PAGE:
Being in an environment surrounded by alcohol-related sights and sounds can reduce our ability to control alcohol consumption according to new research published by Edge Hill University and Alcohol Research UK.
Recent figures reveal some excellent results for our very soon-to-be graduates. Specifically, 75.4% of our finalists achieved degree classifications of 2:1 or above, which is above the national average of “good class honours” results for UK Higher Education Institutions (The Complete University Guide, 2015).
All the staff at Edge Hill Psychology would like to take this opportunity to congratulate our students on their university achievements and wish them every success in their future endeavours. We also look forward to the Graduation ceremony due to take place later this week.
EHU Psychology researchers have made progress in understanding the role of contexts (e.g., environmental cues) for alcohol behaviours. In measuring participants’ inhibitory control (ie. ability to control behaviours) Dr Adam Qureshi, Dr Rebecca Monk and Dr Xiaoyun Li found that these varied as a result of different visual cues (e.g., alcohol versus neutral cues). Additionally, alcohol-related auditory cues such as background bar noise were also found to be important in inhibitory control responding.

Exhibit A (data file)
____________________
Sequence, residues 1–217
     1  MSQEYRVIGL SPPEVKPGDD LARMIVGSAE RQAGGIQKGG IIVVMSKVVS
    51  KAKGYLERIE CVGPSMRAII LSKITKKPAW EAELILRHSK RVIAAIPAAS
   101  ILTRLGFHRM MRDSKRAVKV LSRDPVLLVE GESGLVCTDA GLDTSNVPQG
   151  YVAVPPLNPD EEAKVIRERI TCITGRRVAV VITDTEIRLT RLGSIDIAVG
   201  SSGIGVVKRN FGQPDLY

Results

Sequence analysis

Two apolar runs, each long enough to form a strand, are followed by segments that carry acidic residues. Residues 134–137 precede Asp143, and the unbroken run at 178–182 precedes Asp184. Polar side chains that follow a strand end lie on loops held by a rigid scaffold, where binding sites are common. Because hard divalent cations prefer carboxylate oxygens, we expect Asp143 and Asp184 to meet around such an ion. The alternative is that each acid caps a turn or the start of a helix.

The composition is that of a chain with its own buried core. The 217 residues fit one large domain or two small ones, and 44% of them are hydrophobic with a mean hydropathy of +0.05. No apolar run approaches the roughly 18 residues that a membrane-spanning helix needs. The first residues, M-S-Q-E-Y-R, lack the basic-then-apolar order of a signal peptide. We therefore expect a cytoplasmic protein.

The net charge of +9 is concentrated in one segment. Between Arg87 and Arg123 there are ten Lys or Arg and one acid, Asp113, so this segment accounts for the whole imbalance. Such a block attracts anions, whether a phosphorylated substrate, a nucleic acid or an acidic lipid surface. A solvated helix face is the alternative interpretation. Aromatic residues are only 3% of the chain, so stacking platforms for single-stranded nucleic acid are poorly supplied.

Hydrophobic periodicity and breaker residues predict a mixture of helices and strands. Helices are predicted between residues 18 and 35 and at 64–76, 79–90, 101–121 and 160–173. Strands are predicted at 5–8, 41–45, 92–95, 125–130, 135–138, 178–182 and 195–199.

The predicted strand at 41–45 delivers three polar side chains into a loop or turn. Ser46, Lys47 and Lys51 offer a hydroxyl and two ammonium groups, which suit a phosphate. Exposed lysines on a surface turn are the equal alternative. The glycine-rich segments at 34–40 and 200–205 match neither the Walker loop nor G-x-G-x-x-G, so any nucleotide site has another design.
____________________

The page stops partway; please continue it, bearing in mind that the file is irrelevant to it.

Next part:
These findings imply that environments which are rich in alcohol-related cues may be influential in consumption behaviours, suggesting need for further work in researching the role of context for these issues.
The report of these findinfs can be found here
Professor Beattie gave the opening keynote lecture at the International Academic Forum’s European Conference on Psychology and the Behavioral Sciences in Brighton on the 7th July. He developed the theme of the ‘divided self’, and why we need to focus on the implications of the ‘dissociation’ between implicit and explicit attitudes to deal more effectively with the global challenges we face. It was a genuinely international audience with attendees from 35 countries from across the globe.
Professor Beattie and PhD student Laura McGuire presented their research on the implications of implicit attitudes to low carbon at odds with self-reported attitudes at the United Nations Conference ‘Our Common Future Under Climate Change’ held at UNESC0 Headquarters in Paris from the 7th to the 10th July. This four-day Conference was the largest forum for the scientific community to come together ahead of the COP21 of the United Nations Framework Convention on Climate Change in December 2015 . The Conference addressed key issues concerning climate change in the broader context of global change, and was organised around daily themes. The Conference focused on moving from present knowledge to future solutions. Keynotes were delivered by the likes of Joseph Stiglitz, the Nobel Prize winning economist and Hans Joachim Schellnhuber, founding director of the Potsdam Institute and adviser to both the German government and Pope Francis. There were over 2000 delegates from 100 countries at the conference and there was considerable international interest in the research being developed at Edge Hill into this critical issue.